I recently looked into the Alpha Centauri system in preparation for a talk I went to see on it. This system is also called Rigil Kent, a great name for a superhero, and is the closest stellar system to us (only 4.37 light years away) with two stars, A and B, similar to the Sun which form a tight binary system orbiting every 79 years, and a third called Proxima Centauri which is much further out and far smaller in size. The interesting thing for me is that little Proxima is so far out (13,000 AUs) that its acceleration with respect to the other two is in the regime where MiHsC should apply (of order 10^-10 m/s^2).
MiHsC says that a body with such a low acceleration relative to nearby matter (stars A and B) will lose some of its inertial mass in a new way, and this means it will be more easily bent gravitationally into a bound orbit even by a lower than expected central mass. This is exactly how MiHsC predicts bound galaxy rotation without dark matter (McCulloch, 2012) and it also predicts that Proxima should be bound gravitationally to A and B even though their masses should appear to be too small to bind it.
From my limited reading of papers so far, this seems to be the case. Proxima moves through space with stars A and B so it looks like it's bound to them, but Matthews and Gilmore (1993) found that according to Newton's laws Proxima should not be bound. To fix this problem they suggested increasing the mass of A and B to hold Promixa in to the system. Of course, this sounds just like the dark matter fix used to allow galaxies to remain bound without changing Newton's laws. The great thing for me about this Centauri mismatch is that dark matter cannot be used to explain it, since dark matter has to stay spread out on these small scales if it hopes to explain the galaxy rotation problem.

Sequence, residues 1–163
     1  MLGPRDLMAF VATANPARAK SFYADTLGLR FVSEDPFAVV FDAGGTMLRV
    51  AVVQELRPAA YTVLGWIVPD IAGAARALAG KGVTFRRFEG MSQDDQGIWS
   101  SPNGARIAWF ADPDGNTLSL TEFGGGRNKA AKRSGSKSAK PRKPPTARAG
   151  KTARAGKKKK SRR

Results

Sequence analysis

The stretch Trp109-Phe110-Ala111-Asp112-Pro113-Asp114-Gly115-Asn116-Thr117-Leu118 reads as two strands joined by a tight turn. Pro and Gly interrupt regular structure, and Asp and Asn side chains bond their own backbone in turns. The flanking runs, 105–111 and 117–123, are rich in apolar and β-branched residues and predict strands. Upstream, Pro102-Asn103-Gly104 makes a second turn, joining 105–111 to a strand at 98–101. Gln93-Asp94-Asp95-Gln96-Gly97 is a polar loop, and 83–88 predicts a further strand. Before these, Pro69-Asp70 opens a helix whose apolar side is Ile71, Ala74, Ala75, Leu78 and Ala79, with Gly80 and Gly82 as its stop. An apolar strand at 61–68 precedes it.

To prove MiHsC I've been looking for a problem for which it is the only possible solution: a crucial experiment. I might have found one in our cosmic backyard.
Matthews and Gilmore, 1993. MNRAS, 261, L5
Wertheimer and Laughlin, 2006. Are Proxima and Alpha Centauri Gravitationally Bound? Astron. J., 132, 1995-1997. http://arxiv.org/abs/astro-ph/0607401